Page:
Data Science Day #8 – Model Selection

In our last post, we discussed multiple ways or more accurately metrics that we have at our disposal for evaluating a classification model. While this evaluation process is leading us down the road towards model selection we need to first consider optimizing or tuning our model for the task at hand.

Model Parameters

Over the course of this series we introduced a number (yet not exhaustive list) of different model algorithms that can be used for both binary and multiclass classification task. All of these models require model parameters to do their jobs or function. Some parameters are learned during the training process and do not require any special handling per se while others can be tuned to affect the behavior or the model. These parameters are often referred to as hyperparameters and will be the focus of this post.


My highly uneducated and unofficial guess is that many of you like me haven’t the slightest clue what a hyperparameter is or what impact it will have on a given algorithm. Couple that with the fact that different algorithms have different hyperparameters and its enough to make your head spin. Fear not there is a light at the end of the tunnel and we will arrive there soon. Before we do however, let’s consider some of the various hyperparameters you are likely to encounter.

  • Logistic Regression – Regularization (often referred to as ‘C’)
  • SVM – Kernel, Gamma and Regularization
  • Decision Trees – Depth

Optimal Configuration and Grid Search

To date, we’ve often ignored algorithm hyperparameters by accepting default values and without understanding the inner workings of an algorithm it’s difficult to guess the optimal configuration without some iterative random guess. Enter hyperparameter tuning in the form of a technique called grid search.

The grid search technique is simply a brute-force method where we exhaustively iterate over a collection of possible parameter values to find the optimal configuration for a model. Once all the possible combinations have been considered the “best” model is returned. As you can imagine this is an extremely computationally expensive process and many machine learning libraries have built in implementations of this technique. Conveniently enough the scikit-learn implementation is called GridSearchCV.

To use this technique we need to think through a couple of different things up front. First and most importantly is a scoring metric. Going back to our prior post, the score metric is largely based on the task at hand and if we choose something like Accuracy then GridSearch evaluate all the possible combinations of parameter values returning the “best” model with the highest accuracy score.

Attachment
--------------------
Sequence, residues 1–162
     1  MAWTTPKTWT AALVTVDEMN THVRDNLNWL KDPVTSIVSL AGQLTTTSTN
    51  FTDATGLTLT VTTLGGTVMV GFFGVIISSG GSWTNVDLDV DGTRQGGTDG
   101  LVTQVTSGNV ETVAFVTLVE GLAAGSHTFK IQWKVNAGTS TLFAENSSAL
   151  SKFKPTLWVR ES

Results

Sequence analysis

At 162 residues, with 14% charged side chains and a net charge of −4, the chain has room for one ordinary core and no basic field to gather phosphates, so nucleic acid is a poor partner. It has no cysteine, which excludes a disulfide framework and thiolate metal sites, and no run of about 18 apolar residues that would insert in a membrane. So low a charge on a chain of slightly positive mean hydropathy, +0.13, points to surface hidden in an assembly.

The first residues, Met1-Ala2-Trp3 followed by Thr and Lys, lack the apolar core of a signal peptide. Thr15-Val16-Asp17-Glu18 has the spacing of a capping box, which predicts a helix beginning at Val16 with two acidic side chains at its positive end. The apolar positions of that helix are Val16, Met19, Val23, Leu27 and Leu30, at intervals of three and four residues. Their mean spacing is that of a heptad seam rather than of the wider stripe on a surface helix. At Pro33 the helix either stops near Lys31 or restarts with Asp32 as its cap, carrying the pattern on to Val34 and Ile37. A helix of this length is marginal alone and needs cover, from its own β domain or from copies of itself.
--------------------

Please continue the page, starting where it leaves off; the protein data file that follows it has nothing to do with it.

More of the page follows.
Next we need to specific a list or range of possible parameter values that we want to evaluate. For obvious reason these may vary between algorithms and if you are not sure where to start your friendly inter-webs search engine or the documentation for the ML library of your choice is going to be your friend.

With these two pieces in place we can use the code provided below to run our grid search to find the optimal model configuration.

from sklearn.cross_validation import train_test_split
from sklearn.grid_search import GridSearchCV
from sklearn.metrics import classification_report
from sklearn.svm import SVC

parameters = {'kernel':('linear', 'rbf'), 
              'C': [0.0001, 0.001, 0.01, 0.1, 1.0, 10.0, 100.0, 1000.0]}
svc = svm.SVC()

clf = GridSearchCV(estimator = svc, 
    param_grid = parameters,
    scoring ='accuracy',
    cv = 5,
    n_jobs =-1), y_train)

print('Best Config: %s' % clf.best_params_)
print('Best Score: %.3f' % clf.best_score_)
Best Config: {'kernel': 'linear', 'C': 1.0}
Best Score: 0.971

The preceding code outputs the optimal hyperparameters configuration as well as the highest score for the best performing estimator. To see how our model performs on unseen data, we could then train this optimal model and score it using our test data as seen below. The results show that in this particular example our model generalizes pretty well and actually has a higher accuracy score against our test dataset.

best = clf.best_estimator_, y_train)

print('Score (Accuracy): %.3f' % best.score( X_test, y_test))
Score (Accuracy): 0.978

Nested Cross Validation

We originally discussed cross validation and more specifically k-fold cross validation in the prior post on model evaluation. We will extend that concept here in the context of model selection when we are interested in comparing one model to another while minimizing bias. Using this technique allows us to work with k-fold cross validation both for tuning our hyperparameters and in the subsequent evaluation of the model. The result being a score (in our case accuracy score) for each k-fold. Let’s look at an example.

from sklearn.cross_validation import cross_val_score

cv_scores = cross_val_score(clf, X, y, scoring='accuracy', cv=5)

print('Accuracy: %.3f +/- %.3f' % (np.mean(cv_scores), np.std(cv_scores)))
[ 0.96666667  1.          0.9         0.96666667  1.        ]
Accuracy: 0.967 +/- 0.037

A quick look results using 5 folds, shows that our average model accuracy for the test is 96.7% with a standard deviation of 3.7%. Looking at the detail scores we see that our best estimator was perfect on two folds and has a low score of 90%. If we were evaluating multiple models for example a Logistic Regression or Decision Tree we could compare these scores to determine which model is likely to provide the best results.


In this post we discussed model selection through brute force hyperparameter tuning using grid search and nested cross validation as a means to minimize bias during evaluation. With that we’ve covered the basics within the context of a classification problem. In our next post we will discuss a means for tying all these concepts together in a streamlined and repeatable manner using pipelines.


Till next time!